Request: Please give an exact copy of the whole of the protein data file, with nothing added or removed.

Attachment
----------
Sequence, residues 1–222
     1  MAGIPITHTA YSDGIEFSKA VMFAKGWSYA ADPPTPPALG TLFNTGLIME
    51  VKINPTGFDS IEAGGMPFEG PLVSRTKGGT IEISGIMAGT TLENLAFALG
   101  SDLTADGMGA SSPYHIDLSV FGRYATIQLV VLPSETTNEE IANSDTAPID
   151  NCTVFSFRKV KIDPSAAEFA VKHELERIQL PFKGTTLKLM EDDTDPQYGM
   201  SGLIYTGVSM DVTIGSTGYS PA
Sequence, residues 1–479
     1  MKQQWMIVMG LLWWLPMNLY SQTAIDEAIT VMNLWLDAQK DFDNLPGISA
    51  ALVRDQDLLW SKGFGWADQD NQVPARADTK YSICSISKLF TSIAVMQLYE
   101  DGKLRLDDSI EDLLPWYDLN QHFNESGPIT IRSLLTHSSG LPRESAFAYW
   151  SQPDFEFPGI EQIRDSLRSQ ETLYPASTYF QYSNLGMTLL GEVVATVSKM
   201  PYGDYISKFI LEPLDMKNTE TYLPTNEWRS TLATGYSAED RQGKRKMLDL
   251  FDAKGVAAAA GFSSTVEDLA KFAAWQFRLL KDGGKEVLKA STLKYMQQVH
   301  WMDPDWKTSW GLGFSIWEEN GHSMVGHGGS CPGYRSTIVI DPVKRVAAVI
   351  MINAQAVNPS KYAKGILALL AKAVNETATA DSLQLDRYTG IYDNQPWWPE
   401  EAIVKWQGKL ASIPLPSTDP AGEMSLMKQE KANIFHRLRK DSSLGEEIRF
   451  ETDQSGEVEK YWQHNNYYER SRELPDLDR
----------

Sequence, residues 1–222
     1  MAGIPITHTA YSDGIEFSKA VMFAKGWSYA ADPPTPPALG TLFNTGLIME
    51  VKINPTGFDS IEAGGMPFEG PLVSRTKGGT IEISGIMAGT TLENLAFALG
   101  SDLTADGMGA SSPYHIDLSV FGRYATIQLV VLPSETTNEE IANSDTAPID
   151  NCTVFSFRKV KIDPSAAEFA VKHELERIQL PFKGTTLKLM EDDTDPQYGM
   201  SGLIYTGVSM DVTIGSTGYS PA
Sequence, residues 1–479
     1  MKQQWMIVMG LLWWLPMNLY SQTAIDEAIT VMNLWLDAQK DFDNLPGISA
    51  ALVRDQDLLW SKGFGWADQD NQVPARADTK YSICSISKLF TSIAVMQLYE
   101  DGKLRLDDSI EDLLPWYDLN QHFNESGPIT IRSLLTHSSG LPRESAFAYW
   151  SQPDFEFPGI EQIRDSLRSQ ETLYPASTYF QYSNLGMTLL GEVVATVSKM
   201  PYGDYISKFI LEPLDMKNTE TYLPTNEWRS TLATGYSAED RQGKRKMLDL
   251  FDAKGVAAAA GFSSTVEDLA KFAAWQFRLL KDGGKEVLKA STLKYMQQVH
   301  WMDPDWKTSW GLGFSIWEEN GHSMVGHGGS CPGYRSTIVI DPVKRVAAVI
   351  MINAQAVNPS KYAKGILALL AKAVNETATA DSLQLDRYTG IYDNQPWWPE
   401  EAIVKWQGKL ASIPLPSTDP AGEMSLMKQE KANIFHRLRK DSSLGEEIRF
   451  ETDQSGEVEK YWQHNNYYER SRELPDLDR